Sub-postmasters shortchanged over Horizon scandal to get full compensation

Sub-postmasters celebrate outside the Royal Courts of Justice in London in 2021
Sub-postmasters celebrate outside the Royal Courts of Justice in London in 2021 - TOLGA AKMEN/AFP
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A group of wrongfully convicted sub-postmasters will finally receive full compensation.

Five victims were originally offered lower sums because the Post Office did not believe that evidence about faulty Horizon software was essential in their prosecutions.

However, Kevin Hollinrake, the Post Office minister, has now agreed that they should have equal treatment.

Parmod Kalia, one member of the group, said he hid his prison sentence from his elderly mother out of shame.

Mr Kalia spent £22,000 of his own money attempting to balance the accounts of his Oprtington branch but was ultimately still prosecuted by the Post Office.

Despite pleading guilty to one count of theft, in the hope that he would receive a more lenient sentence, a judge sentenced him to six months in prison in 2001.

Yet when Mr Kalia’s conviction was quashed in 2021, the Post Office did not oppose his appeal because it wasn’t in the public interest to pursue a retrial.

Sub-postmaster spent £22,000 of his own money trying to balance the books
Sub-postmaster spent £22,000 of his own money trying to balance the books - UNPIXS

However, the Post Office said that if there had been a retrial, there was a reasonable prospect of convection and therefore he was not owed full compensation for malicious prosecution.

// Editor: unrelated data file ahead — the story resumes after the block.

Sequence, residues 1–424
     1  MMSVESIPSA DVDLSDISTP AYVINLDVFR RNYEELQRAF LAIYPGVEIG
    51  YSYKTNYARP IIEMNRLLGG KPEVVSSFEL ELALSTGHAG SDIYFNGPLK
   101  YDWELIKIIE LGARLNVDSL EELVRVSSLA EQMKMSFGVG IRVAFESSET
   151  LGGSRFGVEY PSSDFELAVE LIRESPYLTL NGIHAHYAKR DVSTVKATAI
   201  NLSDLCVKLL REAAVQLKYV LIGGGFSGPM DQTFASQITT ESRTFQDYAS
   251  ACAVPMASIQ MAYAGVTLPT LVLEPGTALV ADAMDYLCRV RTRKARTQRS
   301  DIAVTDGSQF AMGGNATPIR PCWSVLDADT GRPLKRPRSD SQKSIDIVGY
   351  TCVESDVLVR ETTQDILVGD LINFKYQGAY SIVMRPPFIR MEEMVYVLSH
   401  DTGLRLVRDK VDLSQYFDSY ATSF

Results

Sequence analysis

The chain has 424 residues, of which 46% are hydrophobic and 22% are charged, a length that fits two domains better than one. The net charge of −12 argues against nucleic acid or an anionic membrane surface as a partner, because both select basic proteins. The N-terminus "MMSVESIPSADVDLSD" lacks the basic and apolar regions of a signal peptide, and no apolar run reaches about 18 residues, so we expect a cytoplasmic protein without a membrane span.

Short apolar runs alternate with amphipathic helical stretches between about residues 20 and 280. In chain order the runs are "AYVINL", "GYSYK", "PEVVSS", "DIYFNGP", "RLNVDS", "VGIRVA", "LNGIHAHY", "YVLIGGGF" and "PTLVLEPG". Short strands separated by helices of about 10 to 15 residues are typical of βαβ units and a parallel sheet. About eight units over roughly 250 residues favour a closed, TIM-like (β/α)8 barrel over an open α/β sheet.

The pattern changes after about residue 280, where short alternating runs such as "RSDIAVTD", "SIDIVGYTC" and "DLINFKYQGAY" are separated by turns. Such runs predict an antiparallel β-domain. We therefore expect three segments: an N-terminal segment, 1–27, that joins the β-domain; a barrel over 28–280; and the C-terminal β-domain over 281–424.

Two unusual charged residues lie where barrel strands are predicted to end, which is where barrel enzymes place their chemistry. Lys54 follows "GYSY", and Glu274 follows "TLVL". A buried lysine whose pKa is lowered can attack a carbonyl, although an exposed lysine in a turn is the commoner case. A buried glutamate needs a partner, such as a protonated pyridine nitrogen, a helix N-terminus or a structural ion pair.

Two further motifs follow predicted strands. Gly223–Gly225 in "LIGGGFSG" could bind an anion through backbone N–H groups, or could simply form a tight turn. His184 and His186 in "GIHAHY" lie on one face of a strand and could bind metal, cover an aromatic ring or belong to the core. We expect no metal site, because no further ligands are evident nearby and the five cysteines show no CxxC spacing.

However, he and four other victims – known as “public interest” cases – have been told they will be treated the same as other wrongfully convicted victims.

Mr Kalia told the BBC it was “about time” such a decision was made.

“It was Horizon that showed the discrepancy, and based on that, our cases are Horizon-related,” he told the broadcaster.

Prof Chris Hodges, chairman of the Independent Horizon Compensation Advisory Board (IHCAB), said the board had raised the issue.

He told The Telegraph: “This did not seem fair or just to us. The HCAB said firmly that they should all be treated the same and be entitled to the same level of full and fair compensation.

“We are delighted for these individuals that it has now been clarified that they will be entitled to the same level of compensation as others whose convictions were overturned.”

Kevin Hollinrake has agreed that the sub-postmasters with lower compensation should have equal treatment
Kevin Hollinrake has agreed that the sub-postmasters with lower compensation should have equal treatment - MARIA UNGER/AFP

More than one hundred Horizon victims have had their convictions overturned so far.

Mr Hollinrake said: “All affected postmasters should be treated equally and anyone who lost out due to the Post Office IT scandal will receive full and fair compensation.

“That’s why I’ve agreed that the five postmasters, who were previously not, are now eligible for compensation including the £600,000 offer if they wish to take that.”

Mr Hollinrake added: “We know compensation won’t right the wrongs of the past but now these postmasters have the option to claim £600,000, if that is their preference, to get on and rebuild their lives.

“Whilst I hope this will bring some consolation and peace to these five cases, there is no limit to compensation for those postmasters who choose to decline this sum and choose the full assessment route instead.”

Neil Hudgell, a lawyer representing two of the five sub-postmasters and mistresses, said: “I am delighted to see the Government are treating the public interest cases in the same manner as all of the other acquittals.

“It’s always been an area of disquiet for me that they have been signed out on technical legal grounds.”

He added: “I think the whole issue of Horizon and the way it has affected all prosecutions means that this is a fair outcome.”

A Post Office spokesperson said: “More than £34.49 million has been paid in compensation to people whose convictions have been overturned to date, including 33 full and final settlements.”

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